I intend on publishing a new library soon, but I’m somewhat conflicted on what is the best way to document the library in terms of: easy access and navigation, visually appealing, and maintainable by the community.
LaTeX (to PDF)? Markdown? Scaladoc? Other options?
Any suggestions and experiences are welcome, both from a user and a library maintainer perspective.
The most valuable documentation appears to be the one you add to every type and method, since people can access it from their IDE, and you can automatically compile it into HTML, which you can put on a website dedicated to the library. Don’t forget to have a sub folder for each published version.
Besides Scaladoc, you want to have a tutorial with examples, probably also added to the same website. For maximum community involvement, you can have a wiki.
A forum, for example a Google group, helps with community building.
If your library code lives on GitHub, as most do, you want to add a README.md, which is written in Markdown, and explains at least the essentials, like what this is, and how to get started, including links to the website and the forum. The README can be as extensive as you want, and it is very helpful that it is version-controlled together with the code, although it will never be as visually appealing as a decent website.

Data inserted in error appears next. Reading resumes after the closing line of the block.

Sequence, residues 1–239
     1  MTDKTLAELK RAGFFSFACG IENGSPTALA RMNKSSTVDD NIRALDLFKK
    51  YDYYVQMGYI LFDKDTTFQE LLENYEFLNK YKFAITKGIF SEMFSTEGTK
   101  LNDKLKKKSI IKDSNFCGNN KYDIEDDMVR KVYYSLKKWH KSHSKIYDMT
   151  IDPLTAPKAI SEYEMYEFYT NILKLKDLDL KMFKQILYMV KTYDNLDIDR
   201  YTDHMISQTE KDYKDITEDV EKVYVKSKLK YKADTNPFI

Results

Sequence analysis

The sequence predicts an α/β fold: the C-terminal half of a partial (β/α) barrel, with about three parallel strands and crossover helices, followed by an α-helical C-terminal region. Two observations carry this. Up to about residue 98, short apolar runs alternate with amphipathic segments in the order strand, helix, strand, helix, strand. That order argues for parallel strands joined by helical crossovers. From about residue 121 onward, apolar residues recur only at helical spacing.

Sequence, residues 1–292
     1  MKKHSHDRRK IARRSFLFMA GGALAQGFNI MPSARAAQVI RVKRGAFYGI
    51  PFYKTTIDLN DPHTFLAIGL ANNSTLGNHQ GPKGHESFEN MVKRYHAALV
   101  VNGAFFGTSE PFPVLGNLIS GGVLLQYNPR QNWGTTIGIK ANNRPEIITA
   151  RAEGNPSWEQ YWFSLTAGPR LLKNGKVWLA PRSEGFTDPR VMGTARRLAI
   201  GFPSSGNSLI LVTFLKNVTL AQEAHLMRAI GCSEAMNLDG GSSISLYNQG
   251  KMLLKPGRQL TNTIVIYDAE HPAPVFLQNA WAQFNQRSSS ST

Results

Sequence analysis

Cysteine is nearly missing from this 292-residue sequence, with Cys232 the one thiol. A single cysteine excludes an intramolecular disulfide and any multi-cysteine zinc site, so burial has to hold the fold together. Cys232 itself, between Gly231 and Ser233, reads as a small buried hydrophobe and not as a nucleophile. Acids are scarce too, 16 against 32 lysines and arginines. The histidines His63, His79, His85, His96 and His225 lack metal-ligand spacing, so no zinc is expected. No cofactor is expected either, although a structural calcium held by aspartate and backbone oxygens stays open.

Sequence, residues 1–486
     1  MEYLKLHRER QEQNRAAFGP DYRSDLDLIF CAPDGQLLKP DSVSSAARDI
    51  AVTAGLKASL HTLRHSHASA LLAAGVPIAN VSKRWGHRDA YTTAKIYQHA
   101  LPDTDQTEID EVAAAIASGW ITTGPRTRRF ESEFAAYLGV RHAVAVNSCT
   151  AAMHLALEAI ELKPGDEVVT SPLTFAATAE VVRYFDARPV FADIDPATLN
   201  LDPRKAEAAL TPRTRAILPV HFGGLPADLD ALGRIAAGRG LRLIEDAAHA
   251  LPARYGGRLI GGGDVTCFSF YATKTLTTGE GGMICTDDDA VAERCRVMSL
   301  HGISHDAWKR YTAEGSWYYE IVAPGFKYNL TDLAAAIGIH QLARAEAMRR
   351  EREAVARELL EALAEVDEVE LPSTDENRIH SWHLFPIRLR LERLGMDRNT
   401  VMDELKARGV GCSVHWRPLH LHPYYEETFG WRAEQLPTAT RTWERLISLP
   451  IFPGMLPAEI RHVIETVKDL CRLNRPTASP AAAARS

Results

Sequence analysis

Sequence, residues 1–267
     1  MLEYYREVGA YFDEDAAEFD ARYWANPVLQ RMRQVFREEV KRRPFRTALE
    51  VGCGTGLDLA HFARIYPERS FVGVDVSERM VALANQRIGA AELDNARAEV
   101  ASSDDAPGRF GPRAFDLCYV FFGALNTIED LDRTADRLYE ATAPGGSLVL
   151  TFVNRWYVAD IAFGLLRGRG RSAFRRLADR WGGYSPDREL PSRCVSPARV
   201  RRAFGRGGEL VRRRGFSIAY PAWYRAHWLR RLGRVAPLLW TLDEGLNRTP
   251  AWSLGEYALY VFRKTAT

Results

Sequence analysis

I have used LaTex for documentation of my final year BE project. Initially it was complex for me later on i was smooth. Scaladoc is also a good alternative.
I would also add in addition the above answers that a test suite crafted with good method names and intended to be used as documentation can be useful. It’s not a substitute for the other documentation steps mentioned in this thread already, but it is reassuring to the library user that they can run the test suite themselves, see that various things work for them locally as the library developer intended, and then perhaps copy/paste from the test usages to their code to avoid syntax or other errors when initially kicking the tires on the library.